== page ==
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Introduction to Competitive Programming

Authors: Nathan Wang, Benjamin Qi, Darren Yao

What is competitive programming? Let's take a look!

Programming Competitions

A programming competition generally lasts for several hours and consists of a set of problems. These problems are not open problems; they have already been solved by the problem writers and testers and are designed to be solved in the short timeframe of a contest. In general, each problem in competitive programming is solved with a two-step process:

  1. coming up with the algorithm, which involves problem solving skills and intuition
  2. implementing the algorithm, which requires programming skills to translate the algorithm into working code.

For each problem, you submit the completed code to a grader, which checks the answers calculated by your program against a set of predetermined test cases. For each problem, you are given a time limit (usually 2 seconds) and a memory limit (usually 256 megabytes) that your program must satisfy.

For those of you with experience in software development, note that competitive programming is quite different, as the goal is to write programs that compute the correct answer, run quickly, and can be implemented quickly. Note that nowhere was maintainability of code mentioned. You don't need to bother documenting your code because it only needs to be readable to you during the contest. That being said, you probably want to maintain a bare minimum level of readability so you can keep track of what's going on.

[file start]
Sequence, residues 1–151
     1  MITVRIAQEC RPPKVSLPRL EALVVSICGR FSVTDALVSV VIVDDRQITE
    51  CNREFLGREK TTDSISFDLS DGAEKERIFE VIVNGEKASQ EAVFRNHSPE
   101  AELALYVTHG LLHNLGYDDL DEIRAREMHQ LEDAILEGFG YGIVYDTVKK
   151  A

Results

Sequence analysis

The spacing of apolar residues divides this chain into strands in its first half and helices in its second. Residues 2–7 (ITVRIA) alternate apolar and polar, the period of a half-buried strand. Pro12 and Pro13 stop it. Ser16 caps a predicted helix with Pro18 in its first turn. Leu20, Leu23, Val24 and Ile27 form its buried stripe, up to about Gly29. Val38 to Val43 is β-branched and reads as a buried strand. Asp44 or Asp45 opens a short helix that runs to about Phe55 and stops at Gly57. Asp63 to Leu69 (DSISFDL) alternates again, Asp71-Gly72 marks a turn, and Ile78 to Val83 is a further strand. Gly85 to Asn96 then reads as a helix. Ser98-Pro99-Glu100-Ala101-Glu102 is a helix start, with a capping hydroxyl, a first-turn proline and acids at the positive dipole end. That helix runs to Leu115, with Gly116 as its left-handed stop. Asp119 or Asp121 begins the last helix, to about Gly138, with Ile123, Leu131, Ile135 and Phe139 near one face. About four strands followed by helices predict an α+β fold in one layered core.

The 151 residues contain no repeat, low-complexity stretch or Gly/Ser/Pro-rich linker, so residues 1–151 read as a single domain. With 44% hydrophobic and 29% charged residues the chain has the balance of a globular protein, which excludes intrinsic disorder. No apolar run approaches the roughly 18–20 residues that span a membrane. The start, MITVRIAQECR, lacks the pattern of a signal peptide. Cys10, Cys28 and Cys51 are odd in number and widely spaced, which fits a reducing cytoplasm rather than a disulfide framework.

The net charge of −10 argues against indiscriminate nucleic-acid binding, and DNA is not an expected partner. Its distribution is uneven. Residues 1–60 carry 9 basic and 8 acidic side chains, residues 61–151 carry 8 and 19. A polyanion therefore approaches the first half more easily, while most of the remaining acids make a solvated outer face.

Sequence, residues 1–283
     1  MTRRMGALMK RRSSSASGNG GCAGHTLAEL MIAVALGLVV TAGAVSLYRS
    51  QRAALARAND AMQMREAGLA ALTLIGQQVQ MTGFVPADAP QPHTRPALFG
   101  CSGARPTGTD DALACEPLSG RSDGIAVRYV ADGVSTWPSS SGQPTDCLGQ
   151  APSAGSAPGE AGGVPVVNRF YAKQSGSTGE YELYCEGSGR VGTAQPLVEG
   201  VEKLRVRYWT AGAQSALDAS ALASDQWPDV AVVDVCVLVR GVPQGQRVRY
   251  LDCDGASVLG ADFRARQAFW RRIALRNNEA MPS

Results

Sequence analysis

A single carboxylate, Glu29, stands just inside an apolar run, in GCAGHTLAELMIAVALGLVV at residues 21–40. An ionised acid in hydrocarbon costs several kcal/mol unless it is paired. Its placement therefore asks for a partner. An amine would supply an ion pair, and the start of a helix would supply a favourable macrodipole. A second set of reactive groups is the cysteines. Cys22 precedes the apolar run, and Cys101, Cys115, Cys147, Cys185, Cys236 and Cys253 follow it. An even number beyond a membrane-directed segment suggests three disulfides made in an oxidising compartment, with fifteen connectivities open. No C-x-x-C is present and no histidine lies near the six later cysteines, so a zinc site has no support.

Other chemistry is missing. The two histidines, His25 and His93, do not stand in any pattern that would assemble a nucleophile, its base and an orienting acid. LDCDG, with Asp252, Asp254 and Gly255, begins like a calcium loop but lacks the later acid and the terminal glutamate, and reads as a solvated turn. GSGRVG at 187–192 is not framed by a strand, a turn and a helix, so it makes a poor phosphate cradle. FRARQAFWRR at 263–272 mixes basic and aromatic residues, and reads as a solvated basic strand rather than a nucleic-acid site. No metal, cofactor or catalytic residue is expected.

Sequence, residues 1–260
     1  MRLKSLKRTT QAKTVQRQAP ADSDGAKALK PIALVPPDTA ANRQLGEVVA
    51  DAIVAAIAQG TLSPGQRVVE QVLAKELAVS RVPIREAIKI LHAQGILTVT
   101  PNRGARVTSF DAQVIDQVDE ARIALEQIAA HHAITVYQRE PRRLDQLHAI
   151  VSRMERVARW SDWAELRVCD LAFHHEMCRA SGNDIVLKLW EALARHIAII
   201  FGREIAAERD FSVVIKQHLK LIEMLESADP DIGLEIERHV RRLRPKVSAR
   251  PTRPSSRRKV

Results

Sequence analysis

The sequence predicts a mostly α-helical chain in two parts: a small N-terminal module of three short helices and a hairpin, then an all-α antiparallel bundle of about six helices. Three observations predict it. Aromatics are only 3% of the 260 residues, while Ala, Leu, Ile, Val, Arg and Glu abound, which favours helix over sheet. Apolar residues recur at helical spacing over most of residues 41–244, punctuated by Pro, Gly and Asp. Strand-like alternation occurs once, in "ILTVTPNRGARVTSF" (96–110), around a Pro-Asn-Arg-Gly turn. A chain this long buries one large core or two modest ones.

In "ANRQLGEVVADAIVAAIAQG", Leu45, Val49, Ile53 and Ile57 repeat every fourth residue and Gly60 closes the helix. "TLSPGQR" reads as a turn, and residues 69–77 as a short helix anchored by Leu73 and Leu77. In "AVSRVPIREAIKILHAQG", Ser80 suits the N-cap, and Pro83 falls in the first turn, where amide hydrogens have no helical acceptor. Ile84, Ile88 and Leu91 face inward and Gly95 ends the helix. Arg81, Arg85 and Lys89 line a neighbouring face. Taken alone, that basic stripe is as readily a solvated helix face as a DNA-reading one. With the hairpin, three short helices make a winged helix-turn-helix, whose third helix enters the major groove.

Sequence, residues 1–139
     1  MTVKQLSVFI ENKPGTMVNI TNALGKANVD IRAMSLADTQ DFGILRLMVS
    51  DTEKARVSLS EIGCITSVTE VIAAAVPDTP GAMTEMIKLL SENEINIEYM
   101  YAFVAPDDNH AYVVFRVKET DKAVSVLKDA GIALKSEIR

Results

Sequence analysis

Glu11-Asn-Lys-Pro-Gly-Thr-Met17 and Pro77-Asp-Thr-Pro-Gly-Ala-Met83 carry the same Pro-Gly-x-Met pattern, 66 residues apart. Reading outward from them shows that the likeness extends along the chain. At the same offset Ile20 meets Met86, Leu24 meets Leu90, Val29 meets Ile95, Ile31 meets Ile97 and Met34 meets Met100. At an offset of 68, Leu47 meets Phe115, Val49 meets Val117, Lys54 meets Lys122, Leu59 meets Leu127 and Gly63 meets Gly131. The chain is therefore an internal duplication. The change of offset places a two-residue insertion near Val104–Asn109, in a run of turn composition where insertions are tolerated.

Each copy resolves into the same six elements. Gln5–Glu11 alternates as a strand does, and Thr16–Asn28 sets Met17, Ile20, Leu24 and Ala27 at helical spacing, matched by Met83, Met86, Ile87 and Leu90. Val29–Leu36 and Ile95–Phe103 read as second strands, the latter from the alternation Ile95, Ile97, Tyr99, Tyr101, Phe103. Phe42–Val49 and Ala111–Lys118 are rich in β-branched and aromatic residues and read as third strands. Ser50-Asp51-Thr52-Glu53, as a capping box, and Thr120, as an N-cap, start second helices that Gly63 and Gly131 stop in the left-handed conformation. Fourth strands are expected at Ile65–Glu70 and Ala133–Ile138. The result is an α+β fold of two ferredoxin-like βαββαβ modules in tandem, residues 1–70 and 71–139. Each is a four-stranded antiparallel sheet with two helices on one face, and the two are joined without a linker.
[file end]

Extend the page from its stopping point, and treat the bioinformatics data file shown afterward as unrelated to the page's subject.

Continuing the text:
Resources
William Linvideo shown above
Kamil Debowski
CPHalgorithms & programming contests
IUSACOcompetitive programming, contests
PAPSexamples of algorithms

Here is a task similar to the one that was mentioned in Kamil's video:

Focus Problem – read through this problem before continuing!

Solution

USACO

Resources
USACOmore about contest format

USACO is a national programming competition that occurs four times a year, with December, January, February, and US Open (March) contests. The regular contests are four hours long, and the US Open is five hours long. Each contest contains three problems. Solutions are evaluated and scored against a set of predetermined test cases that are not visible to the student. Scoring is out of 1000 points, with each problem being weighted equally (~333 points). There are four divisions of contests: Bronze, Silver, Gold, and Platinum. After each contest, students who meet the contest-dependent cutoff for promotion will compete in the next division for future contests.

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